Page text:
Arctic 2015: Hard as nails

The Greenland Dog is hard as nails. It has to perform under the most extreme conditions, and has an history stretching back thousands of years.

Text and photos by Ragnar Axelsson. 

Hunter Ole Brönlund from Ittoqqortoormiit in Greenland was on a hunting trip with his partner when they encountered a gigantic polar bear. When the bear heard the sledge dogs, it fled with the dogs sprinting in pursuit. The bear was drawing near. “I had to cut the reins on the sledge and let the dogs loose to catch the bear,“ says Ole. He only let half the dogs go so he would still have a few left to pull the sledge. The other hunter did the same.

The unleashed dogs quickly caught up with the bear and stopped it by barking and snatching at it. As the bear was busy trying to stave off the dogs, Ole and his partner slowly approached it. All the dogs were specially trained to hunt bears, fierce and completely fearless.

“I held the gun ready and walked towards the bear,“ Ole continues. “It was quite impressive to see twenty dogs hanging on its back, snatching at it with their jaws as they tried to pull it down onto the ice.“

Ole describes how he aimed at the bear, but could not shoot because of all the dogs hanging on its back like flies. One after the other they were thrown into the air in all directions as the bear managed to bite them and fling them off. 

“It managed to kill three and wound five,“ says Ole. “Three of those dogs were mine.“ Two of them later had to be put away. “I could not put my lead dog away, it was too dear to me. Another hunter had to do that.“

The bear had bitten the lead dog and broken its spine. The dog had been mutilated and it was lying on its belly with the hind legs turned up. “I walked towards the dog and petted it. It was licking snow, but could not move. It was the best dog I have ever had,“ says Ole. There is sadness in his voice. They managed to fell the bear, which was among the biggest he had seen, well over three metres tall. “It is as if the male animal just keeps on growing.“

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Thousands of years old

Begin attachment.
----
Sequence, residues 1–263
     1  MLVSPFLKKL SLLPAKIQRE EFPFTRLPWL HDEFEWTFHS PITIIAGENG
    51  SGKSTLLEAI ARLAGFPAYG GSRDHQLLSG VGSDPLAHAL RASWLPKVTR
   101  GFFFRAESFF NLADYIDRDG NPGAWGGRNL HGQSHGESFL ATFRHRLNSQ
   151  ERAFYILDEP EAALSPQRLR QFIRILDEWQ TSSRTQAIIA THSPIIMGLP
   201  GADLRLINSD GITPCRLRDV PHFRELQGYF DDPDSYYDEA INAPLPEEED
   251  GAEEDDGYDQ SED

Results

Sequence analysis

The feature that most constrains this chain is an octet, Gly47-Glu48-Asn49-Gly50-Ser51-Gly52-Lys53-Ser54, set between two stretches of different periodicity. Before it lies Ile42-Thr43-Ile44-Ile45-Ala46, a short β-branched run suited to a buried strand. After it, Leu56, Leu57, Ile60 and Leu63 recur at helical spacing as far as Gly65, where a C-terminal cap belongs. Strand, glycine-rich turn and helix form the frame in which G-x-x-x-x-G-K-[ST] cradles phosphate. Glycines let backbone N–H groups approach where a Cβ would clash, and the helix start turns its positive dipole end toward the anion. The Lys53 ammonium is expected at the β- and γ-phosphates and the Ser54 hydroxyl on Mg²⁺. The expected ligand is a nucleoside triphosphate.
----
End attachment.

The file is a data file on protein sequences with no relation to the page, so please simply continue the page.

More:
The Greenland Sledge Dog is of the Husky-type and originates in the North. Archeological research indicates that it first arrived in Greenland with the Sarqaq people four to five thousand years ago.

The oldest bones were discovered in Siberia. They are about seven thousand years old, which means that the Greenland Dog is one of the oldest breeds in the world.

Their fur is thick and prevents frostbite. They also have enormous strength and stamina, making it possible for them to live and work under the harshest of conditions. The male dogs are quite larger than the bitches, 58 to 68 cm from the base of the neck to the base of the tail. The bitches measure 51 to 61 cm from the base of the neck to the base of the tail. 

Since the dogs are first and foremost bred to work, the owners emphasise their strength and speed over temperament. They grow up and live in groups, which is more exacting for the owner, who has to be disciplined and firm to have good control over the animal.

If the owner succeeds in gaining the dogs’ respect, they may become very loyal, and are known to care greatly for their owners in every way, especially when in packs.

The Greenland Dog is banned in some places in Greenland, and their numbers have diminished significantly in the past decades. Some people even worry that the breed might be on the verge of extinction. 

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